Ankle Mobility Can Impact Exercise Ability

Top 3 Ways to Improve Ankle Mobility

Ankle mobility plays an important role not only in sport but in day to day life as well. If you are a regular in the gym, ankle mobility will impact your lifting abilities in many lifts and functional movement patterns.  For example, if you find that your heels tend to lift up or you have poor balance when trying to perform a deep squat, you may have limited ankle mobility!

How to test your ankle mobility?

One way to check your ankle mobility is the knee-to-wall test.  Stand with your toes facing the wall, then try to touch your knee against the wall without your heel lifting.  Measure the distance from the wall and repeat with the other foot.

 Generally, there should be less than a 2cm difference between ankles.  If there is more than a 2 cm difference,  the foot that can't sit as far back has limited mobility. 

 

How ankle mobility can impact leg stiffness

Lower extremity stiffness (“leg stiffness”) describes the resistance the joints and muscles in your lower body will have to movement when your foot contacts the ground during running. Think of your leg as a spring; the more tightly coiled spring will be stiffer, the more loosely coiled will be more deformable.

A stiffer leg is associated with less joint movement (less mobility) and increased loads to bones and cartilage whereas a less stiff leg is associated with increased joint motion/mobility and relies more heavily on active muscle contraction to dissipate forces when your foot hits the ground.

 Leg stiffness may be one of many variables that contribute to running related injuries. A recent study of 92 runners {Goodwin:2019bk} identified 4 variables that may allow us to more easily predict leg stiffness with clinical measures versus technical laboratory analysis.

Less mobility in the ankle joint, hip and big toe joint along with increased BMI are associated with greater leg stiffness.

What is the clinical significance of this for our Edmonton runners? For runners suffering from knee pain or stress fractures, reducing leg stiffness by improving the mobility of hip, ankle and foot may reduce joint loading.

Conversely, in runners with soft tissue injuries such as Achilles or tibialis posterior tendinopathy, increasing leg stiffness with targeted strengthening exercises to improved stability and control of the joints of the lower extremity may be an important component of rehabilitation.

Why is Ankle Mobility Important?

During weight bearing the shin, tibia, must be able to move forward over the fixed ankle and foot.  Without adequate ankle flexibility and shin moved over the foot to the inside placing the knee at risk of traumatic and overuse injuries.  

Conversely, patients with adequate ankle mobility and better able to keep their knee over their foot during a step down test.  Granted, many of these patients may also have hip weakness, but the importance of ankle mobility should not be overlooked.  New research supports the influence of ankle mobility on knee mechanics and stability.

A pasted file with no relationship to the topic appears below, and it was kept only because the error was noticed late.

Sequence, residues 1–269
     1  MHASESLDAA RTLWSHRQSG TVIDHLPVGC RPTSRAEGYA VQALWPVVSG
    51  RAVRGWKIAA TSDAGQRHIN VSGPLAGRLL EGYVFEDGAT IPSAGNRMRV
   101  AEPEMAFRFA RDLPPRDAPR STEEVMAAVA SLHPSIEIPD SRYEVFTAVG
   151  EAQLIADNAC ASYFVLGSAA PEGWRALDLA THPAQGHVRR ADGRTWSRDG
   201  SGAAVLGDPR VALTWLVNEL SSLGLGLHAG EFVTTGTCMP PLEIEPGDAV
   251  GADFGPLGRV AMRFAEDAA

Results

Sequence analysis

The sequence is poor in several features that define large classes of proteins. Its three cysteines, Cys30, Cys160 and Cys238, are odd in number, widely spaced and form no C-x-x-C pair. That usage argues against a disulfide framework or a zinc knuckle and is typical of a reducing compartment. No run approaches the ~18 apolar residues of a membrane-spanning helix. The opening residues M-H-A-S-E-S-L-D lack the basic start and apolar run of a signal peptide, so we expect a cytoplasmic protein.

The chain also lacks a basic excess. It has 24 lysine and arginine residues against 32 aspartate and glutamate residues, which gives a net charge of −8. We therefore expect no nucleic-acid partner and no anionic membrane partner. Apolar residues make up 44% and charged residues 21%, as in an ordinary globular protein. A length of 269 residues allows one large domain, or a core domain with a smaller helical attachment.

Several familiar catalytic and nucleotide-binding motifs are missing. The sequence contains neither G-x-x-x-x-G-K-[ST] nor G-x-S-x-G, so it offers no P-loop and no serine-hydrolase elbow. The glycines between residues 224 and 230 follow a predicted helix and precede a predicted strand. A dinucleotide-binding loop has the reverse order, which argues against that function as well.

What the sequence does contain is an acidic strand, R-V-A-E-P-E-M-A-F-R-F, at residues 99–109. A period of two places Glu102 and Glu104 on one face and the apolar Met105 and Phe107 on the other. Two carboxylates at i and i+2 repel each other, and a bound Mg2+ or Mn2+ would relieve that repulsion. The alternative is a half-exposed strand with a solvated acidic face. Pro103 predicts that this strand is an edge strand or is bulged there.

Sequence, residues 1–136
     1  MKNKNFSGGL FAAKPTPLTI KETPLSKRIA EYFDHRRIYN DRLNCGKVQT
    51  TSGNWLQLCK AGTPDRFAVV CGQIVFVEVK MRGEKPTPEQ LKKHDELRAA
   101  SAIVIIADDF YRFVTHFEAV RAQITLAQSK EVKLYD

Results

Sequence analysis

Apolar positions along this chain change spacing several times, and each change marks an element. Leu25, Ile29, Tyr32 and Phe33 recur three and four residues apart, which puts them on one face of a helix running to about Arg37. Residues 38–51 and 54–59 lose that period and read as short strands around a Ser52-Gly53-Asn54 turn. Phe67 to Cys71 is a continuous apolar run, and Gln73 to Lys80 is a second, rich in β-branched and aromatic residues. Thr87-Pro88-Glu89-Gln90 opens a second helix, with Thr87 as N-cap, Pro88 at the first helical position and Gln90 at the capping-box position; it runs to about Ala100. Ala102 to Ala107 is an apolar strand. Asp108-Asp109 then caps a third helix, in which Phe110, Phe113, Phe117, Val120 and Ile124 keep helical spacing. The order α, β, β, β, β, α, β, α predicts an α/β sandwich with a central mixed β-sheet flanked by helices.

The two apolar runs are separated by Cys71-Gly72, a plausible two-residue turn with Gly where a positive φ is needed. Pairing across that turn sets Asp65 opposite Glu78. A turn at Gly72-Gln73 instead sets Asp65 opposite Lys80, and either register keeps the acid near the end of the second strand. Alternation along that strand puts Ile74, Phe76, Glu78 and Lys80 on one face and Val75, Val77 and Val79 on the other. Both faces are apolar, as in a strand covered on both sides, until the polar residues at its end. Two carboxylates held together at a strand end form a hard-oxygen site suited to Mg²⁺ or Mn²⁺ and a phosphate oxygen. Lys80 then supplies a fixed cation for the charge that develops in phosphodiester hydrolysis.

In the Journal of Orthopedic and Sports Physical Therapy authors examined 30 healthy participants as they underwent biomechanical testing in a laboratory (Rabin et al. 2016).  The participants were tested on a step down test and then underwent testing of ankle mobility.  

Authors then split the group in two based on either low or high degrees of mobility.  As expected, the group with the least amount of ankle mobility demonstrated less knee stability and more knee movement than the group with better ankle mobility.  

Athletes and patients are encouraged to assess and treat limited ankle mobility for improvement in knee stability.

Top 3 ways to improve your ankle mobility

Here are a couple ways you can work on improving your ankle mobility: 

  1. Self-mobilization

    If the front of your ankle felt tight when performing the knee-to-wall test, you can try mobilizing your ankle with the use of a belt or strap.  First, tie a belt behind you at below ankle level, then tie the other end of the belt around your ankle below the prominent bones.  Then, move forward until you feel tension from the belt in your ankle.  Slowly bend your ankle by bringing your knee forward as far as you can without lifting your heel.  Repeat this 10-30x for and hold for 2-3sec.

  2.  Calf Stretches

    Calf Rolling and Stretching can be very effective for ankle mobility

    If the back of your ankle or your calves felt tight when performing the knee-to-wall test, try stretching out your calves.  While there are a variety of ways to do this, one way you can do this is by first getting into a push-up position.  Then, place your opposite foot on top of the ankle you are trying to stretch and allow your bottom foot to lower into the floor.  You should feel a stretch in the back of your leg.  Hold this stretch for 30 seconds.

  3.  Myofascial Release

    3. If your foot and calves feel tight, rolling your feet on a firm 
  4. DSC01779ball could be just what you have been looking for. Sitting or standing, place a lacrosse ball (or similar) under the inner arch of your right foot. Lean forward to put weight on your right foot — enough to feel an intense pressure from the ball. Roll the ball toward the heel slowly, then along the outer arch and across the forefoot, massaging the entire sole. Continue for 30 to 60 seconds. When you reach a tense spot, try pointing and flexing your toes to intensify the massage. Repeat with your left foot.

 After performing those stretches, try the knee-to-wall test or a deep squat again, it should feel much easier!  If there is pain, or no change after these exercises or if you have any questions, then come in to see one of our great physiotherapists!

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